|There are some striking career parallels between singer / songwriter Essra Mohawk and Procol Harum ... the cult following, the brilliant albums underpromoted, the missed opportunity at Woodstock, the celebrity covers. But there's a highly-specific personal overlap as well: it was Essra who opened for Procol Harum on their first visit to America; subsequently she and Keith Reid became 'an item', and in the aftermath he sent her a poem in a letter, that in the end became a song. Here is Essra's tale in her own words:|
[Keith and I were] just two young romantics who were an item briefly in the 60s. [See] the letter in which he wrote the lyrics (originally a poem from him to me explaining how he felt about what had transpired between us). I really don't believe there's anything in there that Keith would feel embarrassed about. The poem reads, "I'm lost amidst a sea of wheat where people speak but seldom meet."
I don't know if [sending poems] was something Keith did a lot or not. Being a poet, I would imagine it is something he has done on occasion and mine is not an isolated case. It is very natural to put our feelings into verse in our letters. They don't all become songs ... I was very pleasantly surprised that it became a song on their album. I'm always writing songs about others. How wonderful that someone should write one for me. And such a good one. Of course, it's very flattering and what lady wouldn't be delighted to have a song written for her?
Note that there's no sign
here of the variant words Gary
sings on the German single of Quite Rightly So
I thought you might like to read the above as it was an attempt by me to put down how I felt about us ...
... We (the group that is) are in the final stages of putting an album together ...
Synchronistically, I have the same birthday as Shakespeare, April 23, but ['an ode by any other name'] is probably something that just flowed out of Keith and fit texturally and contextually with the rest ... not really having anything to do with my literary interests or my birthday. More likely it's a direct reference to us being star-crossed lovers like Romeo and Juliet (certainly longer lived than those two, thank goodness).
I believe it was 1967 when we met. Essra has been my name since 1968 ... my name was still Sandy [Hurvitz] when Keith and I met. "'Uncle Meat' days": that's what Frank Zappa called me when I used to perform with his band, the Mothers of Invention, back then. Not only did I sing with the Mothers every night at the Garrick Theatre, but I also opened to them singing my own songs, playing the piano. The Garrick and the Café a Go-Go were in the same building and the owner, Howie Soloman had me opening to whoever was playing there as well. Due to this arrangement, I was often performing nine sets a night.
I opened to Procol Harum when they played the Café a Go-Go. I believe it was their first gig in the US! They were and are wonderful! I really can't remember [what they played] after all these years ... surely the songs were off that first LP and included Whiter Shade of Pale (a vague but real memory pops up in my mind's eye). As to who struck me in particular, I thought by now you had surmised ... it was their lyricist!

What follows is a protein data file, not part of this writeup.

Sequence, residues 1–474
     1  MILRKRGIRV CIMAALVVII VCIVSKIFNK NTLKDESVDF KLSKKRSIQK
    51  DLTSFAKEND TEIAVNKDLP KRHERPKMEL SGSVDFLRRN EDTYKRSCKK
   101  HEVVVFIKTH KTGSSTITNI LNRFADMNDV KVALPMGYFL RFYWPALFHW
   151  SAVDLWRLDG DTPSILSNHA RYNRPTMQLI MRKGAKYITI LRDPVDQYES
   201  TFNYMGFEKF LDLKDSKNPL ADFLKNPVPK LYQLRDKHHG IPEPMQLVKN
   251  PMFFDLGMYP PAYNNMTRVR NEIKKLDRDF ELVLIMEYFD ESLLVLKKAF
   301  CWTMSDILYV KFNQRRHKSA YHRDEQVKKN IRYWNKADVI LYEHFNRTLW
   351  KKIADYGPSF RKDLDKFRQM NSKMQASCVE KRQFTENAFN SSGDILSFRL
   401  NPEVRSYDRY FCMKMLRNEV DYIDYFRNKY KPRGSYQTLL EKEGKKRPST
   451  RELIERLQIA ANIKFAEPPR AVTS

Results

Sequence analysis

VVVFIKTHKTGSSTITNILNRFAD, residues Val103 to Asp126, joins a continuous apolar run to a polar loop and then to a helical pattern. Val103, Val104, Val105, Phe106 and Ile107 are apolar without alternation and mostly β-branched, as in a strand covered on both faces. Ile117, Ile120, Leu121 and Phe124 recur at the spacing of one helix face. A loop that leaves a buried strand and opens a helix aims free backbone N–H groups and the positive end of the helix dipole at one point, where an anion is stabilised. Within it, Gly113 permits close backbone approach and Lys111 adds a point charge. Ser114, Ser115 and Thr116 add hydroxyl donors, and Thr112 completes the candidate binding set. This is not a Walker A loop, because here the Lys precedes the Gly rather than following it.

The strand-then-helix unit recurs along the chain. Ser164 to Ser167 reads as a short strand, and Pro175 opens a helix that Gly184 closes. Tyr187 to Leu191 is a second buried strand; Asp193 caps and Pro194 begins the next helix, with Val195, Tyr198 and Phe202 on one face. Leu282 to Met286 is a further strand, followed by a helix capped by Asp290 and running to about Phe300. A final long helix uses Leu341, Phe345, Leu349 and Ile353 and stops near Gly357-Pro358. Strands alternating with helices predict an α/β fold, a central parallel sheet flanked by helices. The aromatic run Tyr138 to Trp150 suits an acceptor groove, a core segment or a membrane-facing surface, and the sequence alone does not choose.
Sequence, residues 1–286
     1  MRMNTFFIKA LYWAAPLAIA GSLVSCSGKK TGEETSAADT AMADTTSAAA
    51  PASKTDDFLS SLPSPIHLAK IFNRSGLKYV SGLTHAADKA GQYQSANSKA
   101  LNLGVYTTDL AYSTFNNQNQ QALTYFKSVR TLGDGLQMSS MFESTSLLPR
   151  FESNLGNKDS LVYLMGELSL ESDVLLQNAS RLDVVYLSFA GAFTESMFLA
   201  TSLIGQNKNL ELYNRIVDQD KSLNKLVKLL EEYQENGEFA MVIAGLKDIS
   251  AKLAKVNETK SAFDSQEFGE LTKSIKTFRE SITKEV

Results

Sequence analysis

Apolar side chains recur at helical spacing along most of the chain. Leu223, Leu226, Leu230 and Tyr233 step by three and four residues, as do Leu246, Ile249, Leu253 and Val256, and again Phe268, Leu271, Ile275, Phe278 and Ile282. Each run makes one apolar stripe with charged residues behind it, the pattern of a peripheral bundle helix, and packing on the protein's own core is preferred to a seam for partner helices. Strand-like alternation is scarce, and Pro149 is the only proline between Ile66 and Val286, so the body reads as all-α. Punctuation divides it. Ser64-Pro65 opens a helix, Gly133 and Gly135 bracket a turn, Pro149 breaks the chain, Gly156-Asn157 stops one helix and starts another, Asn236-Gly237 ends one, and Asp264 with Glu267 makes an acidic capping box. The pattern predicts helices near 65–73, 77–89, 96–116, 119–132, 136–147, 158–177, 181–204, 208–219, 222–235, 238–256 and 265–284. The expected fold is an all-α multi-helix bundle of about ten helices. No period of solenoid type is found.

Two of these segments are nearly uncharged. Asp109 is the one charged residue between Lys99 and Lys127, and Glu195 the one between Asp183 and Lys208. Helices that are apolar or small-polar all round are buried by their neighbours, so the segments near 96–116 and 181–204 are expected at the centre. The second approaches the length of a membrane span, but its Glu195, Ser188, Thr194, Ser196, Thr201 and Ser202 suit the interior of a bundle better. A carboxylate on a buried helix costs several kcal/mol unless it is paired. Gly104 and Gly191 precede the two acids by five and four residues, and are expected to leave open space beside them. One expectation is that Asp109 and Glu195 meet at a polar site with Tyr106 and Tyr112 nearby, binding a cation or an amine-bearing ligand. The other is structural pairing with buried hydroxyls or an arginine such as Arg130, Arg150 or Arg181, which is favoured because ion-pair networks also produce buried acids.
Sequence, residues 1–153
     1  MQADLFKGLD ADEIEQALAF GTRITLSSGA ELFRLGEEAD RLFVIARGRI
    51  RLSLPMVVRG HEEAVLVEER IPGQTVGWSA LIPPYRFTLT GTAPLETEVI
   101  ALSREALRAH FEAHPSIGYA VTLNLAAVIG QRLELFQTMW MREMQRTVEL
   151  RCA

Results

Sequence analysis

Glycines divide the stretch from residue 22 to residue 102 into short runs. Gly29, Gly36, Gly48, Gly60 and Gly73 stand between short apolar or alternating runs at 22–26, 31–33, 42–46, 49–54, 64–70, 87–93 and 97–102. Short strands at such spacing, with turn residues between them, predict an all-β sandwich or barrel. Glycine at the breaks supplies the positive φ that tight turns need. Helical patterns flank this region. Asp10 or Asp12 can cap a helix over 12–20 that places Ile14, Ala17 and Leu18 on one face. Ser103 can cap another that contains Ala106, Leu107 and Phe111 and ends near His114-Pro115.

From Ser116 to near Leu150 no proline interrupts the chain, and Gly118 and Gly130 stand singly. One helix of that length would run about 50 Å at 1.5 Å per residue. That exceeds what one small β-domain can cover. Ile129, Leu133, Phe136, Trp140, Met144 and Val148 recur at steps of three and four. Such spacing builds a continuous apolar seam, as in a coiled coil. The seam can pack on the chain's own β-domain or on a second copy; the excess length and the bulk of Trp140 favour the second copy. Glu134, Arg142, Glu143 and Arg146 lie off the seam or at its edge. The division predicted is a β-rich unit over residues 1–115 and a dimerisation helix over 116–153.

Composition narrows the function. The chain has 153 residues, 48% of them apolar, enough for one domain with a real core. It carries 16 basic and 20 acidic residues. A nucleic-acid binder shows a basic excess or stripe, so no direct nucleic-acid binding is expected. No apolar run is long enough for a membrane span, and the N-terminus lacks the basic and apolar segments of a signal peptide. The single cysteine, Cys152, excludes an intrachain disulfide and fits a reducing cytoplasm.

I think that Procol Harum is a wonderful band. I loved them from the first time I heard them (when I opened to them) and their music most certainly has withstood the test of time! I've never heard anything but praise for them from my peers (and their peers) however I don't recall ever hearing Frank say anything about them ...
I have a few letters from Keith from those days. The envelope for the one in question is postmarked 14 March 1968 during "our aftermath" as Keith put it in the letter. Keith is and was always a high-minded gentleman and I was an idealistic flower-child (s'pose I still am except for the "child" part). Keith and I are still friends and have co-written a couple songs (this in the 80s). Although the songs we wrote together were demoed, they've never been recorded for release. They are presently unavailable commercially ...
One song, Next Time, I wrote from lyrics he gave me which I changed some for the music. It's a rocker. Another song we worked on is a cool ballad. We did get together to work on it. There's not as much of Keith in that one ... just a couple great verses that I worked around ... called Look Out For Me. I really love this one ... it has a future life ...
I believe Keith mentioned something about a [Procol Harum] tour last time we spoke. I had no idea it fell through. I'm sorry to hear that. I believe my music would be of interest to Procol Harum fans. I have two CDs available and a third just awaiting packaging. The working title is: Essie Mae Hawk Meets the Killer Groove Band
Raindance from 1995 is available in the UK, I'm told. Unfortunately, the label it's on (Schoolkids Records) went under. I have some left so they're available from me until they're gone. A certain major label here is considering releasing all my 70s recordings. Check the Mohawk website for upcoming news of that. I'll try to keep you posted.
In the meanwhile, I painstakingly baked and cleaned and mastered old tapes to create a CD compilation of my older stuff. I'm very proud of this offering. It's called Essra Mohawk: The Secret Diva. (Very few secrets have been kept as long as mine has.)
Thanks, Essra, for sending BtP a prime piece of Procol history
Keith Reid's non-Procol songwriting
About Essra's Raindance CD, including sound samples of that voice!